That bridge between theory and practice proved crucial for Michaela Dengg, a third-year doctoral student in higher education and student affairs at Ohio State University. Dengg is doing research on the experiences of international students at institutions in the United States. “It’s the nature of Ph.D. programs to focus on developing researchers,” said Dengg. The STAR program “really focused on practice. It helped me ask: What is this doing for my specific community? How can I improve the lives of international students around me?”
When Phuong Quyen Vo entered the STAR program last April, she decided to quit after the first module because she felt intimidated by the transition from theory to practice in Module 2. Originally from Vietnam, Vo is now in her third year as a doctoral student in education at the University of Newcastle, in Australia. But timely intervention by Sharma and Navarro motivated her to stay. For Vo, that support was an example of “inspired mentorship.” She returned to finish what was, for her, the hardest part.
Such praise for Sharma and Navarro’s mentoring surfaced repeatedly in my conversations with students, who used words like “constructive,” “supportive,” “responsive,” “patient.” They “exemplify the things they’re talking about,” Watson said. “They’re preaching a message that they’re actively living every day.”
Module 3 is devoted to teaching. How do you bring your socially informed research mission (from the first module) and your strategies of engaging diverse audiences (from the second) into your classroom teaching or into the “teaching” you do in trying to reach people beyond the campus?
As every academic knows, conventional, peer-reviewed research is the coin of the realm at four-year colleges and research universities. Public outreach is “extra” and doesn’t have the same weight in tenure and promotion. The divide between scholarship and outreach dovetails with another: the familiar division between research and teaching. There, too, research typically counts for more in faculty evaluations, so teaching — which is its own kind of public outreach — gets squeezed to the margins.
Module 3 teaches participants “research-integrated teaching” — an approach that aims “to tear down the research-teaching binary and train scholars to multiply their research impact,” Sharma said. The goal of teaching, he said, is not “simply to transmit” knowledge (as through lecture) but to “advance and apply knowledge” by actively doing things with it. In this way, both teachers and students may help themselves and their communities.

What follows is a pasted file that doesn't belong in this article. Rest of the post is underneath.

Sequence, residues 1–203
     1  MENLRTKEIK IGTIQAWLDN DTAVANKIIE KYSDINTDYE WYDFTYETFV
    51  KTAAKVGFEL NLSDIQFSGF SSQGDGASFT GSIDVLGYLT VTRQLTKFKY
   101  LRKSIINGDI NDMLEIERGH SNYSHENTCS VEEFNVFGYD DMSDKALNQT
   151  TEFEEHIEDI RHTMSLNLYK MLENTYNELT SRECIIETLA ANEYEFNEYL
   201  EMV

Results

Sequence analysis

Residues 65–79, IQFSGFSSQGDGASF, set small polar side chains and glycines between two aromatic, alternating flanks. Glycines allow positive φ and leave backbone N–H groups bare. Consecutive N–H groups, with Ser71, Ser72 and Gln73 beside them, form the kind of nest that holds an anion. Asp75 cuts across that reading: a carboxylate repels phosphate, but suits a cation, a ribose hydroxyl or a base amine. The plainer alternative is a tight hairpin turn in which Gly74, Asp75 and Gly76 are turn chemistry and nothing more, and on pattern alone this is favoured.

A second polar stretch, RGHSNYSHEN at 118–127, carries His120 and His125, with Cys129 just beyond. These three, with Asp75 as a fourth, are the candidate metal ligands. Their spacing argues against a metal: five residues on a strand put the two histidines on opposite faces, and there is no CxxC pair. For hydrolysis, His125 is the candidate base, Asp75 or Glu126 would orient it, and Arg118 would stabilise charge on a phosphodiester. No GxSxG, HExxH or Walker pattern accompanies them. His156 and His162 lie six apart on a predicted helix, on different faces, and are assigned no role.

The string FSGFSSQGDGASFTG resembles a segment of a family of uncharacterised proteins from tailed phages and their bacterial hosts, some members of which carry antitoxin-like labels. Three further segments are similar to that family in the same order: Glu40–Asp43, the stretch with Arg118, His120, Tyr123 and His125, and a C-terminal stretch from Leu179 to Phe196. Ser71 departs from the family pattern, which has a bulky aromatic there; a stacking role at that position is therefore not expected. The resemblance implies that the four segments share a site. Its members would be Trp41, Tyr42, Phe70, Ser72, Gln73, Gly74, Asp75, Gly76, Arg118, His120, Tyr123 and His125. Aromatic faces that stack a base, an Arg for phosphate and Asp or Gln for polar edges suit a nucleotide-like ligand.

In this stage, participants read articles and watch videos about active-learning strategies and then adapt those strategies to their own teaching. In one exercise, they are asked to take a specific course they’ve taught and “challenge yourself to evenly split a class hour between teacher-led and student-engaged work.” The program asks participants: “How would you prepare? And how would you have your students prepare for class?”
The training shows STAR participants how those same questions can be applied to public outreach. Teaching, in other words, becomes an important tool for participants to invent themselves as “scholar-teachers who are driven by education as a social mission,” Navarro said.
Module 4 is about being a “scholar-citizen.” “The overarching aim of the program,” said Sharma, “is to teach scholars to create a thoughtful, ethical balance between contributing to the academic community and to the larger social community.” The final module, in particular, encourages participants to face the scholar-citizen tension — for it is a tension, given that academe can be so insular and parochial in its demands on faculty members — and to face it head-on.
In Module 4, as they do throughout the program, Navarro and Sharma present exercises to encourage this thinking. For example, participants are asked to “imagine that STAR Scholars Network invites you to train a group of scholars in your country/region or department/institution” in ways that balance traditional objectives of a faculty career (such as peer-reviewed publication) with broader ones (such as contributions to social justice, “stewardship for environmental sustainability,” and “greater inclusion and equity across borders”). Participants are asked to look back across the modules and prepare training materials, design activities, and anticipate possible resistance.
After completing the modules, students meet for a final Zoom meeting that alternates between a large gathering and breakout rooms. The first cohort “called it a conference,” said Navarro, “and I realized that name was spot-on.” Like all good conferences, this one enabled collaboration.
During the small-group sessions, students present what they worked on during the training. That could be a grant proposal, a syllabus, an article, or any other form of communication that displays their commitment to the social-mission goals that they have identified. Watson assembled a book-chapter proposal (which was ultimately accepted), and she began work on a policy memo and a blog post. She also started a proposal to create a six-week graduate-student workshop at her home university on multicultural and international-student solidarity.
This model of graduate-student training succeeds by balancing instruction with reflection. It asks students to consider their own mission and purpose — and, in Navarro’s words, “how your scholarly work can help you meet it.” In this way, participants from all over the world seek to “become the kind of scholar they want to be” in their own chosen context.
That goal is consistent with the tradition of many other countries where the academic intellectual is a respected public figure. American higher education, Navarro said, “pushes people away from their local spaces.” The problem for many students — and especially students from underrepresented groups in the United States — is the emphasis on one-size-fits-all disciplinary achievement: Everyone should want to publish in particular journals, present at particular conferences, and so on.
As a result, said Navarro, “the profile students were embracing had nothing to do with who they were.” Hence the problems with recruitment and retention experienced by American graduate schools.
Navarro and Sharma have created a program that leads by example — and points to the insularity of the American model of doctoral education. If graduate schools are to survive, let alone thrive, during times of increased austerity and heightened scrutiny, we will have to make graduate education more outward-facing. The STAR program reaches out to a group of students long overdue for attention, and shows them how to pursue work that is meaningful to their lives beyond the ivory tower. Graduate education badly needs to do both.